In void where Buddhas were, Afghan province imagines a future
BAMIYAN, Afghanistan — Once a favorite destination for travelers on the Hippie Trail, this idyllic provincial capital high in the Hindu Kush mountains is now famous for what’s not there. Three glaring holes in the cliffs that rise over the town tell the story of what Bamiyan lost 12 years ago.
Carved out of sheer sandstone walls, the Bamiyan Buddhas, massive stone monuments to the area’s Buddhist past, once towered over the city, but the Taliban government had them dynamited in 2001 after declaring them idolatrous and un-Islamic. Since the overthrow of that regime by U.S. forces in late 2001, Bamiyan province has been working to rebuild its tourism industry, with the Buddhas as a centerpiece.
“The Buddha statues of Bamiyan area [are] a treasure of the whole world and it’s part of the world’s history,” provincial Gov. Ghulam Ali Wahdat said.
Massive pieces of the statues are piled at the base of the outlines of the Buddhas — three in all, representing a man, a woman, and a child — and what to do with the destroyed UNESCO World Heritage site has been a subject of great debate. For now, the outline of the largest Buddha, which stood about 170 feet high, is crisscrossed by scaffolding to keep the cliffside from collapsing.
The Buddhas are the most famous of several historic monuments in Bamiyan, which is also home to the dramatic Shar-i Ghulgullah, or “city of screams,” a former Silk Road stop whose inhabitants were slaughtered by Ghenghis Khan’s Mongol hordes, as well as the ruins of Shar-i Zuhak, another ancient city.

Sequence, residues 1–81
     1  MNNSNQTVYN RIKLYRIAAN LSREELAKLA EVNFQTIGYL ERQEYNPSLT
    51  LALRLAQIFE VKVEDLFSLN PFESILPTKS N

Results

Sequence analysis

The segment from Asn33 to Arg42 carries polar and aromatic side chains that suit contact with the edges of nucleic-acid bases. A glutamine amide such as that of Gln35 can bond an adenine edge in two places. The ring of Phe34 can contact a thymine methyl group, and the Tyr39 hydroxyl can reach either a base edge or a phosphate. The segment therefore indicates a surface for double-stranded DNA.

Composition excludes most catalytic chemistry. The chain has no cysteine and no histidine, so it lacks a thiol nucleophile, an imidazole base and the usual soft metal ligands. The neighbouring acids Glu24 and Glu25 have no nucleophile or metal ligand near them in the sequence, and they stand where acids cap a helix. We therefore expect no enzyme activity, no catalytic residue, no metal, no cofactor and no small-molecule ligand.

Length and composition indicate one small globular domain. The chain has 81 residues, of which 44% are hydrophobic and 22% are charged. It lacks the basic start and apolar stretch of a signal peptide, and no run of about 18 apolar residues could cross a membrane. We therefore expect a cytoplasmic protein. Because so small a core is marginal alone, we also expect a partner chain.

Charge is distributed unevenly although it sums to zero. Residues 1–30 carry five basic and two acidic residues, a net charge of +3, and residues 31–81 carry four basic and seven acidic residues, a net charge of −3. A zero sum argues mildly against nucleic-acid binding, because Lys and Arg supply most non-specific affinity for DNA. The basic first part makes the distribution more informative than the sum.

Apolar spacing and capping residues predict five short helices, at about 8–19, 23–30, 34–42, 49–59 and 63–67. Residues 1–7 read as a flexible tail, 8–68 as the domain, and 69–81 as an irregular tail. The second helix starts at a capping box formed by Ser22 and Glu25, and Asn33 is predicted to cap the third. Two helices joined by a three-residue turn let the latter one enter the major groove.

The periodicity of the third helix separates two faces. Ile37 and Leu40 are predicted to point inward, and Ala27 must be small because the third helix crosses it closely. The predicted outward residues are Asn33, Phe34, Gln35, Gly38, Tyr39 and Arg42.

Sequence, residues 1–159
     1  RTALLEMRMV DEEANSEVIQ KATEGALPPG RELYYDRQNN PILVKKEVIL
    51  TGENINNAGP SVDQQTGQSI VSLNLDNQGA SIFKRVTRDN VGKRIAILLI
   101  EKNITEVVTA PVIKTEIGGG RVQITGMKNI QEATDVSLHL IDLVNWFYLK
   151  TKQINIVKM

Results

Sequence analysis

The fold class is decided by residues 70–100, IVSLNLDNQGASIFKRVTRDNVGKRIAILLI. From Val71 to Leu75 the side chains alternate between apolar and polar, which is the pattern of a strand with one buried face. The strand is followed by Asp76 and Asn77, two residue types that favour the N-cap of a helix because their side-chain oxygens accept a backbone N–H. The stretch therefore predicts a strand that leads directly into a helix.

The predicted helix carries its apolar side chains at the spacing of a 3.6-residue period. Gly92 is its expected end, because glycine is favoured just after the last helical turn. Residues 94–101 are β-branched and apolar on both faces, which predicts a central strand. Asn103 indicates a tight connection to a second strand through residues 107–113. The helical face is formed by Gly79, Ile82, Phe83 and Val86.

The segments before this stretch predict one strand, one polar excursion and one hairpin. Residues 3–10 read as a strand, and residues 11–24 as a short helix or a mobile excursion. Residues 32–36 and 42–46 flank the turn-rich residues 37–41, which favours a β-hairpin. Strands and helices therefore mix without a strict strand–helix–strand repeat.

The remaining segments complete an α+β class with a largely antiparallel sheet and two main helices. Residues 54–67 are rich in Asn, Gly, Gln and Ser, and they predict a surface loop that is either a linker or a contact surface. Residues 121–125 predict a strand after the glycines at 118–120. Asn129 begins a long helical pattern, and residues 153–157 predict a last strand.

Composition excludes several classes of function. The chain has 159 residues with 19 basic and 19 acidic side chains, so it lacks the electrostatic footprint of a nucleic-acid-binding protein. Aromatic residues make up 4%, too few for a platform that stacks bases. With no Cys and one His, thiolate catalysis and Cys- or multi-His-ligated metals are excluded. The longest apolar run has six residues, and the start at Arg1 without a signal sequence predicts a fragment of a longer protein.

Some have advocated rebuilding the Buddhas, others recommend leaving the empty husks as a testament to the dangers of religious extremism. Still others have floated the idea of a night-time laser representation of what the Buddhas used to look like. A conference is planned next year to discuss what to do, according to Mohammad Isaq Azizi, the weary head of Bamiyan’s Culture and Tourism Department who spends each day looking at the destruction of his city’s cultural heritage.
Azizi hopes for a middle ground — rebuilding of one of the Buddhas and leaving the others as heaps of rubble, a reminder of what happened.
“Then it can tell the history of both what it was and what happened to it,” he said.
While the discussion of what to do with the Buddhas is a philosophical one for Western archaeologists and U.N. planners, for locals like Azizi it’s also one of economic survival for one of Afghanistan’s poorest provinces, which produces little and has aspirations to reclaim its place as a destination for international tourists.
“The people of Bamiyan don’t have many sources of income — the only major source for the economy is tourism,” Azizi said. “If we restore our monuments, it can turn into a very good source of income for the people of Bamiyan.”
Zubair Babakarkhail contributed to this report.